Posts Tagged animals

August 6 storytime: fish and friends

We visited our friends in the ocean today at storytime. Our early literacy skill of the day was phonological awareness.

Songs and fingerplays: (see song page for more information)

storytime song, open shut them, the fish in the sea, chomp chomp oh no!, head shoulders knees and toes, 5 little fishes swimming in the sea, alphabet song, Simon Says

Activities:

shark goes chomp!

Books:

Fish Wish

Ten Little Fish

Literacy info to adults:

aside #1: The early literacy skill we’ll look at today is Phonological Awareness. This means being able to hear and play with the smaller sounds in words—like hearing rhyming words, and being able to clap syllables or parts of words. Researchers know this is an important skill for later when your child begins to sound out words.

aside #2: linger over words when you read out loud, and have your child repeat words with fun sounds with you after you read them. And be sure to choose picture books that you can have fun reading out loud and sharing spoken language with your child.

aside #3: Books with rhyming text will help your child hear the sounds in words, which will build their phonological awareness skills. So when you choose books to read to your child, try to find some with rhyming text.

Lane Library book information:

Fish Wish

Ten Little Fish

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July 23rd storytime: the wrong animals are in the house!

Eek! There aren’t supposed to be cows in the kitchen! Today in storytime we read and sang about the wrong animals in the house. Our early literacy skill of the day was vocabulary.

Songs and fingerplays: (see song page for more information)

storytime song, open shut them, 5 little monkeys jumping on the bed, head shoulders knees and toes, teddy bear teddy bear, You are my sunshine (w/cd), alphabet song, Simon Says

Activities:

bones no bones, what animal is hiding behind the curtain game, little mouse little mouse game

Books:

Cows in the Kitchen

How to Hide an Elephant in Your Room

Literacy info to adults:

aside #1: One of the most important skills you can give your young children is a large vocabulary. Knowing lots of words, having a large vocabulary, helps children not only understand what they later learn to read, it also helps them recognize words when they later try to sound them out. Today we’ll see how the language of books expands your child’s vocabulary.

aside #2: Researchers have found that children with a large vocabulary, who have heard a lot of different words, find it easier to learn to read when the time comes. Do not replace unfamiliar words when you are reading to your child, use them and explain them if necessary.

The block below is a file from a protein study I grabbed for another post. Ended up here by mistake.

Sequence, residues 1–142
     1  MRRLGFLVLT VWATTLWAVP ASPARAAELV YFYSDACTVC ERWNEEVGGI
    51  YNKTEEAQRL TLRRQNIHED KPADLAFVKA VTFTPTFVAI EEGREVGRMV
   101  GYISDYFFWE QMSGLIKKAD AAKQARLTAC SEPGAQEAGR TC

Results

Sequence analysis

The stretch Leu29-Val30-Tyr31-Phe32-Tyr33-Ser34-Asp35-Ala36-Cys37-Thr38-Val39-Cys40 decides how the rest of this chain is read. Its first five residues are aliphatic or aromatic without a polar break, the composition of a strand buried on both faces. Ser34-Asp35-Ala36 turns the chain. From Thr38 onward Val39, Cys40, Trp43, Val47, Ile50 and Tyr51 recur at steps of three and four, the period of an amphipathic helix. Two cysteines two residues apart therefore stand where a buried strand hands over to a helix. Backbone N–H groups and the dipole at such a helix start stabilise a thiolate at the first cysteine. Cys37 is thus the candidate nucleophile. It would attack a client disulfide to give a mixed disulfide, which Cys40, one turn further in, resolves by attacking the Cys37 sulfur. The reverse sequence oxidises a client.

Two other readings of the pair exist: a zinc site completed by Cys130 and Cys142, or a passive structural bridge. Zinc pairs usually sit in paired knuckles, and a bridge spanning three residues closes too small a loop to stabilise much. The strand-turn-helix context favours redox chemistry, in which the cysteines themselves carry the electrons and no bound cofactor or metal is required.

aside #3: Talking about the books that you read and their pictures is a great way to help your child develop vocabulary skills. Be sure to build on the concepts presented and talk about the words that you learned at other times during the day too.

Lane Library book information

Cows in the Kitchen

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July 9th storytime: city and jungle animals

Rawr!  We had fun in a storytime jungle today, as we read and sang about jungle animals.   Our early literacy skill of the day was print motivation.

Songs and fingerplays: (see song page for more information)

storytime song, open shut them, 5 little monkeys sitting in a tree, 1 elephant went out to play, eency weency spider (songboard), alphabet song, Simon Says

Activities:

march around the city to find animals, birds nest activity, jungle animal peekaboo, jungle animal beginning sounds

Books:

City Animals

If You’re Happy and You Know it

Literacy info to adults:

aside #1: Research shows that there are six early literacy skills that influence a child’s ability to learn to read.  Today we will talk about print motivation, which is a child’s interest in and enjoyment of books.

aside #2: One way to encourage the development of print motivation is to make sure that you and child have fun while you read. Let your child see that you enjoy reading to them. Be sure to pick a time of day to read when your child will be relaxed and responsive. You know the best times of day for your child, take advantage of them and have fun reading a book.

aside #3:  It’s good to find books that have that little something special that will help keep your child interested in reading the book. Pop-ups, books like this one where you can incorporate a song and motion, and books about things that your child really likes will keep them interested in the book as you read it to them.

Lane Library book  information

If You’re Happy and You Know It

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